Importantly, the new SCCs address the deficiencies in its previous version and reflect the GDPR's data transfer requirements as well as some Schrems II related developments. They also provide more legal predictability to EU businesses and offer more flexibility for complex data processing chains.
Standard Contractual Clauses: New vs Old
The new SCCs feature several modifications and quality enhancements from the old SCCs since they are aligned with the GDPR requirements and the Schrems II ruling.
Understanding these differences can help smoothen your business's transition process, from the old SCCs to the new. Below are some notable differences.
The old SCCs were two entirely separate agreements addressing two data transfer scenarios (i.e., cross-border data transfer from controller to processor and data transfer from controller to controller).
In contrast, the new SCCs feature a more flexible and encompassing structure containing four modules for four cross-border transfer scenarios, all codified into a single document (as seen later in this article).
Data Importer Obligations
Unlike the old SCCs, the new SCCs place more focus and impose significant obligations on data importers, especially importers who act as controllers.
Importers who don't fall under the GDPR's scope will essentially have to implement a slightly less-demanding GDPR compliance program. Their responsibilities include documentation, additional representations and warranties, sensitive data security, and data breach obligations, to mention a few.
Government Access and Third Country Laws
Understandably, the old SCCs do not include safeguards against government access to personal data since they were created before the Schrems II ruling (where the issue was addressed). The new SCCs, however, consider the ruling and include provisions to implement additional transparency and notification controls, which address government access requests.
The new SCCs also require both parties to conduct and document a Transfer Impact Assessment.
This includes evaluating the circumstances of the data transfer as well as the third country's laws and practices to ensure that they do not prevent the data importer from complying with the provisions of the SCCs.
When Do I Need to Implement Standard Contractual Clauses (SCCs)?
As a data exporter, you are required to implement SCCs or an alternative safeguard when you make "restricted transfers."
Data transfers are considered to be restricted when the following applies:
- The personal data you intend to transfer is protected by the GDPR,
- The recipient is located in a third country without an adequacy decision, and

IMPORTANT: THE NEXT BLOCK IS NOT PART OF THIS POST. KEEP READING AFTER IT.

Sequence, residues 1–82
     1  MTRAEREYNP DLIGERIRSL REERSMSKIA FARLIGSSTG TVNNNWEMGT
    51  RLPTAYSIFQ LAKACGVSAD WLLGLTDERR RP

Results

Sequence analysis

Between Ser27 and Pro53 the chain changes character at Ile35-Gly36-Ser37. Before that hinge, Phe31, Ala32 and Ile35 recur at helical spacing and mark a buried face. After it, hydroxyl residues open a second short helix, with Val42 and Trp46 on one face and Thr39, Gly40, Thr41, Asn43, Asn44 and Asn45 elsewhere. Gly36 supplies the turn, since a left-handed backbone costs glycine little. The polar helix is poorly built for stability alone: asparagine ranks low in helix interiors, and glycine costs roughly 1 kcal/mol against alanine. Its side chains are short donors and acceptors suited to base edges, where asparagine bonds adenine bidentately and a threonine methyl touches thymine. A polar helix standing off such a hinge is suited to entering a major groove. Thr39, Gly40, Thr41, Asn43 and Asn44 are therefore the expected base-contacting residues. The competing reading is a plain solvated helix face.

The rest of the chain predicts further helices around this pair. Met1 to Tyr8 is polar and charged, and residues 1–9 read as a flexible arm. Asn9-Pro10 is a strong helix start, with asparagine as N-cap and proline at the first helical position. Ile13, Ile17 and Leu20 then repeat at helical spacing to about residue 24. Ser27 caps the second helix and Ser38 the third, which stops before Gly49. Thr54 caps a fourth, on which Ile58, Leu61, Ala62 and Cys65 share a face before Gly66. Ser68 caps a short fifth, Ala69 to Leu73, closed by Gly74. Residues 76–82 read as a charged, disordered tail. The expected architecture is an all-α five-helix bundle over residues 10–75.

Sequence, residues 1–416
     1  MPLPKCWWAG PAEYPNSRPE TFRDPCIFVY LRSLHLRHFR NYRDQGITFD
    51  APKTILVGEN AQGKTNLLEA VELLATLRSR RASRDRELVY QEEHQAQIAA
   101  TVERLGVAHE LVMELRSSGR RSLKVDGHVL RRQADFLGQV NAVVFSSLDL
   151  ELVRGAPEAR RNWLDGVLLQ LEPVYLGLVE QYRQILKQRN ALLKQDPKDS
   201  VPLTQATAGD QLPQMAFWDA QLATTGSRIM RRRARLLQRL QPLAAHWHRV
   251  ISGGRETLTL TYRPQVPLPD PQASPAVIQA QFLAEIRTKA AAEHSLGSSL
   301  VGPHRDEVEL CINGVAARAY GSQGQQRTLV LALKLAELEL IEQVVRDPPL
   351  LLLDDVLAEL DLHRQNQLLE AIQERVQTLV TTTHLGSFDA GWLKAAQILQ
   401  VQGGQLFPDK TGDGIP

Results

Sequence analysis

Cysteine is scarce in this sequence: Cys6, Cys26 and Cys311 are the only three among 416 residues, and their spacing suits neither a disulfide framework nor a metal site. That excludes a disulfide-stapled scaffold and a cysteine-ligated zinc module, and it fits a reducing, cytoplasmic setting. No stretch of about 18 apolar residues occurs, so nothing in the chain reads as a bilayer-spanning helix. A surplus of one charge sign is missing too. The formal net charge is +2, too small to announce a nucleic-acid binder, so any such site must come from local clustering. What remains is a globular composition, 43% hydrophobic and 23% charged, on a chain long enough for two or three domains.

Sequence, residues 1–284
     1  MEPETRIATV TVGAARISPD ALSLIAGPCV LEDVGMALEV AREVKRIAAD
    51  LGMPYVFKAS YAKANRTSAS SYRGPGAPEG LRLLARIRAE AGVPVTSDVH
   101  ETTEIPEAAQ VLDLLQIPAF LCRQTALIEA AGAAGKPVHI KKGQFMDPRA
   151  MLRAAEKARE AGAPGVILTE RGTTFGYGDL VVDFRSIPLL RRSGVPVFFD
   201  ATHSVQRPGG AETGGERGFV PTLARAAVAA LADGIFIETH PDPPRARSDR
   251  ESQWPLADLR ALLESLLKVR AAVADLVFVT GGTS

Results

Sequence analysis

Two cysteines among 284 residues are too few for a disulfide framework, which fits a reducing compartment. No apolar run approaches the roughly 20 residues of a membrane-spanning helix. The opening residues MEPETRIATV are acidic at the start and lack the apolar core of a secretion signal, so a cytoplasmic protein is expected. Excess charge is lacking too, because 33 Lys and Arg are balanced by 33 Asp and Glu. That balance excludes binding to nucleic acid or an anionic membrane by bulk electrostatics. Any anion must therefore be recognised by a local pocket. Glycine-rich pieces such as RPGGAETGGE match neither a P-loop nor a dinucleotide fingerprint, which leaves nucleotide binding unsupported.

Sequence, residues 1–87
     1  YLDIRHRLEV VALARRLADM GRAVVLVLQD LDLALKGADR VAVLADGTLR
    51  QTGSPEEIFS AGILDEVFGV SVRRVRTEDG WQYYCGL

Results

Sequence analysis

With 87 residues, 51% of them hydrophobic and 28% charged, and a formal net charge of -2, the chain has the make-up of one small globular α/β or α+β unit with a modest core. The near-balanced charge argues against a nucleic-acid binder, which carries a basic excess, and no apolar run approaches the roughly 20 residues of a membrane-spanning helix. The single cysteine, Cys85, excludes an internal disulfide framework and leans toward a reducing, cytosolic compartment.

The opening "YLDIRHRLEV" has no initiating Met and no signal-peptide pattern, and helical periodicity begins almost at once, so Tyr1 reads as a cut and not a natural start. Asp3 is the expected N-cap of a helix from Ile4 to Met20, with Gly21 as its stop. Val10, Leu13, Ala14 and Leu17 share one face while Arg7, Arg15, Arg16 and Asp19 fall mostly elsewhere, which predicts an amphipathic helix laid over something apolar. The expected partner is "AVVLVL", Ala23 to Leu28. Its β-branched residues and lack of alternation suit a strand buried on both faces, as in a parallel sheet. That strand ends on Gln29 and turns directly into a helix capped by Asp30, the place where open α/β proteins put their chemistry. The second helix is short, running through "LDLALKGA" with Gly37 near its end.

- The recipient is a separate individual or entity outside your organization, including a subsidiary
Alternative safeguards include an adequacy decision, binding corporate rules, and derogations. For a more in-depth look at the GDPR's data transfer safeguards, check out our article: Transferring Personal Data Out of the EU.
To better grasp whether you need to implement SCCs, consider these simple scenarios.
- A U.S.-based conglomerate that receives employee data from its subsidiaries in the European Union will likely need to implement SCCs
- An Australia-based company that partners with an EU company and collects EU consumer data will likely need to implement SCCs
How to Use Standard Contractual Clauses (SCCs)
Structure of the New Standard Contractual Clauses
When it comes to structure, the first set of SCCs employ a "modular" approach that covers data transfers from an entity in the EEA to an entity in a third country. Each module addresses a different data transfer scenario between controllers and processors, allowing businesses to choose which applies to their situation.
Note that controllers are individuals or entities who determine the purpose or methods of processing personal data, while processors are individuals or entities who process data on behalf of a controller.
For a better understanding of controllers and processors, check out our article: GDPR Data Controller vs. Data Processor.
The modules under the first set of SCCs are as follows:
- Data transfer from controller to controller (C2C)
- Data transfer from controller to processor (C2P)
- Data transfer from processor to processor (P2P)
- Data transfer from processor to controller (P2C)
Unlike its previous version, the first set of SCCs do not provide a separate agreement for each module but includes them all in a single document with subsections. In essence, businesses should identify and single out which module fits the contractual relationship in their legally binding agreement with the other party.
Moreover, the old SCCs require businesses to enter into separate data processing agreements to satisfy the requirements in Article 28 of the GDPR, but thanks to the second set of SCCs this is no longer required.
It's also important to note that you must not alter any of the clauses in your SCCs. Additional clauses may be included to suit specific requirements, but they must not contradict the SCCs.
Other Notable Features in the New Standard Contractual Clauses
Under the new SCCs, the docking clause allows the existing parties in a contractual relationship to add new parties to the data transfer agreement throughout the lifecycle of the agreement.